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Counting the homeless on the streets of East L.A.

Counting the homeless on the streets of East L.A.
Volunteer Victoria Covarrubias notes a homeless man on Whittier Boulevard during the homeless count. (Carla Hall)

As Claudia Chaparro drives her car toward the census tract in East L.A. where we will begin counting homeless people, her sister, Victoria Covarubbias, points to a man sitting on a sidewalk. "Do people on our way count?" she asks.

They don't. The Los Angeles Homeless Services Authority, which organizes the count, has divided the county into different areas to be surveyed Tuesday, Wednesday and Thursday nights. At deployment centers in each area, volunteers are handed maps with specific census tracts painstakingly outlined and told to count within the lines.

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I'm along for the ride with a team of three counters -- Claudia, Victoria, and an Occidental College freshman, Ava Gempler, who's doing an assignment for her urban and environmental policy class. We're trailed by a local TV news van. The first night of the count, in particular, brings a lot of media attention. Which is fine, if a bit bizarre for homeless people who otherwise are generally ignored or shooed away from doorsteps and sidewalks.

We park near Saybrook Park and set off across the grass, the TV news cameraman's lights illuminating the way. It is ghostly quiet except for a train whistle in the distance. Two cats skitter across Saybrook Avenue.

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Out of the park and on a quiet side street, one of the sisters spots an RV. "Someone for sure lives here," says Claudia, looking at the silvery material on the vehicle. "The foil keeps the cold away."

The news cameraman peels off for other parts.  We make our way to Whittier Boulevard, passing small stores, fast-food restaurants and brightly lighted taco trucks every other block. Claudia, who works for the county's Department of Public Social Services, sees people every day on the verge of homelessness. "I have clients come in and I think, man, I wish I could take them home. Do you know how hard it is to have a woman who's a victim of domestic violence with a kid and I have to tell her I have nowhere for them to go?" she says. She makes the calls to different places that will take someone in that situation and, too often, "they say, 'Nothing's available. No space.' I say, 'Don't give up.'"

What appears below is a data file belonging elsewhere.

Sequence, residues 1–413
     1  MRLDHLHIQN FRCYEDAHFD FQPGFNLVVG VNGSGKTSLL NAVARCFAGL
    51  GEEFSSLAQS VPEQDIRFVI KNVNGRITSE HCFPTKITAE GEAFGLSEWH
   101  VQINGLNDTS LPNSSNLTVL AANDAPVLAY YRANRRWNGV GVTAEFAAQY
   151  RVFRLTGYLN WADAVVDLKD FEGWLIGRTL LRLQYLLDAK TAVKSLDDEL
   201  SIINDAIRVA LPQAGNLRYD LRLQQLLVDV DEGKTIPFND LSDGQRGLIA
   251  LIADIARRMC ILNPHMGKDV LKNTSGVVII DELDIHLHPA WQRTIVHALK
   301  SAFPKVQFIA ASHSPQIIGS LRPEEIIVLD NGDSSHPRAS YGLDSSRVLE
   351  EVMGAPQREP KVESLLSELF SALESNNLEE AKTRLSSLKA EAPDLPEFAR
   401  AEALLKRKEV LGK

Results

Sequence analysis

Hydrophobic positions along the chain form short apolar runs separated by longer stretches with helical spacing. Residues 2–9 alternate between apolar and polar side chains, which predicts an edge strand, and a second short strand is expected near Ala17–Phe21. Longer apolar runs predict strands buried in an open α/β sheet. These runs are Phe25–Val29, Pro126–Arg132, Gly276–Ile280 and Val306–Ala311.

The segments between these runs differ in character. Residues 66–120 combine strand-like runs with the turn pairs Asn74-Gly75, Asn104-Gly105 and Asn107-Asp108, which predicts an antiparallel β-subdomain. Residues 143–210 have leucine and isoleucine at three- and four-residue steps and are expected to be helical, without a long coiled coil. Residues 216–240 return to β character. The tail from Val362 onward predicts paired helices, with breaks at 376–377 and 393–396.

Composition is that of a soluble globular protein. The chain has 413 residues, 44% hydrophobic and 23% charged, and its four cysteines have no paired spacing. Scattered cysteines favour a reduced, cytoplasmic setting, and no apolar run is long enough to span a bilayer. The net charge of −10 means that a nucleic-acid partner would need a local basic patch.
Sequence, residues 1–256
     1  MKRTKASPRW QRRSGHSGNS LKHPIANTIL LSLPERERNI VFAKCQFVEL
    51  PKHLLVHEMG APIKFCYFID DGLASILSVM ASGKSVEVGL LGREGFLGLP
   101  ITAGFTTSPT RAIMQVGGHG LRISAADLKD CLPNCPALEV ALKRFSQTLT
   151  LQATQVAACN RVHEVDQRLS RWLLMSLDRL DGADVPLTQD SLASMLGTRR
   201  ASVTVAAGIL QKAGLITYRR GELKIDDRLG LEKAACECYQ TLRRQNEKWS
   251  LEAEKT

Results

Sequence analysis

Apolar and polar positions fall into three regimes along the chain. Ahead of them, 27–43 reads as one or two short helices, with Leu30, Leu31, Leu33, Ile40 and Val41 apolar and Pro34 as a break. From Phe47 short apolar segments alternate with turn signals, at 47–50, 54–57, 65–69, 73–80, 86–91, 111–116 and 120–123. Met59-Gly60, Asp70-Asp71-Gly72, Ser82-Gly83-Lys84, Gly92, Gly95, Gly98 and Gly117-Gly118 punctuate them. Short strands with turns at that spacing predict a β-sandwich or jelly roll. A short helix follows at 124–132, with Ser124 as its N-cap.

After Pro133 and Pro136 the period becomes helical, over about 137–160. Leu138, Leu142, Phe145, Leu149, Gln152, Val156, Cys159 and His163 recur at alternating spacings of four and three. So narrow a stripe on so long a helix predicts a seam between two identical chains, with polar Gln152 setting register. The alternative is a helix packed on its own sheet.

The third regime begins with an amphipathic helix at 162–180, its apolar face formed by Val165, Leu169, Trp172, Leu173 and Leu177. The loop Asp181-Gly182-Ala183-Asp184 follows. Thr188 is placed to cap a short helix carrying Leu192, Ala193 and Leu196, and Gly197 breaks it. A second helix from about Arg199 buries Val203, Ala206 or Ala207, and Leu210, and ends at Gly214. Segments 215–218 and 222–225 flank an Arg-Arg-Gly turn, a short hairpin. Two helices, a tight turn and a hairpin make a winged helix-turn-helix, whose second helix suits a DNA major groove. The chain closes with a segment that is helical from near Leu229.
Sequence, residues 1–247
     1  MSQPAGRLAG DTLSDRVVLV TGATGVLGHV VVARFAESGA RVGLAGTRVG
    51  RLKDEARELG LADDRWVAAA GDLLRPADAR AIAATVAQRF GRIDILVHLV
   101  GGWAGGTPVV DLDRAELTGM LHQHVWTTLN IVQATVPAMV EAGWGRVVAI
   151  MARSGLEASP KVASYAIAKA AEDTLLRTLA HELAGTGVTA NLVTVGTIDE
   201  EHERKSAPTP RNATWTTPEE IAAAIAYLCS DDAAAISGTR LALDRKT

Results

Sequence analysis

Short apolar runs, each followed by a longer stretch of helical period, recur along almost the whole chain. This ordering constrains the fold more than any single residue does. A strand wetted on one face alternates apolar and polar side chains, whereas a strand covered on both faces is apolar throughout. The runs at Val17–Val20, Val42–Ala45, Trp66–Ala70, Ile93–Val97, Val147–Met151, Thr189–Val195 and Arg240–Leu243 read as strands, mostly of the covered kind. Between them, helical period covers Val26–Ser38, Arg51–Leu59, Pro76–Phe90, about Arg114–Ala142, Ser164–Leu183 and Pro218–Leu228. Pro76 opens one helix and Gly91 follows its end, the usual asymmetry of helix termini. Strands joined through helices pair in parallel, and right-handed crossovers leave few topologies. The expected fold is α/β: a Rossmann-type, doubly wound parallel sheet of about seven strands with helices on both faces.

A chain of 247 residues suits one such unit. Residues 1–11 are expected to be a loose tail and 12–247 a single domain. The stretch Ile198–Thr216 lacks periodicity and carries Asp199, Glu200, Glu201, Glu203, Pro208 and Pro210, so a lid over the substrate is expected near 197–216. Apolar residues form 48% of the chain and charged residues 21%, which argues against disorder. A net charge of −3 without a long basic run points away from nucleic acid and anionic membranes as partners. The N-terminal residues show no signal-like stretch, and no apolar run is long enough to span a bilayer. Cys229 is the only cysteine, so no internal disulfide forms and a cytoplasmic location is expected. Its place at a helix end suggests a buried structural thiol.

Victoria sees a woman huddled in a dark doorway across the street. Is she homeless? None of us can tell. We scurry across the expanse of Whittier Boulevard for a closer look. As soon as we get to the other side, we see she is talking on a cellphone and looks perfectly … not homeless.

Much of this counting involves close scrutiny — people have a way of ingeniously hiding themselves in corners — and judgment. It's better than not counting, but this is an estimate at best.

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A homeless person sleeps under a blanket in front of a bank, oblivious to the four of us who have stopped in front of him -- two with clipboards, one with a reporter's notebook, all jotting down notes.

In front of a Department of Public Social Services office on Whittier, we count three people. They have fashioned individual refuges out of cardboard, tarps and various flotsam and jetsam.  One person has placed an open umbrella on the ground as a barrier against the cold. Claudia approaches one man and quietly speaks to him in Spanish. They chat, and she shakes his hand before leaving. "He said people bring him food," she says.

By 11 p.m. we have finished the tract. It's possible that we've seen as many taco trucks as homeless people. We head back to the car, with the moon and Jupiter bright in the sky above us. "Wandering the streets of East L.A.," says Claudia chuckling. She grew up here. This is her home. "It feels peaceful, doesn't it?"

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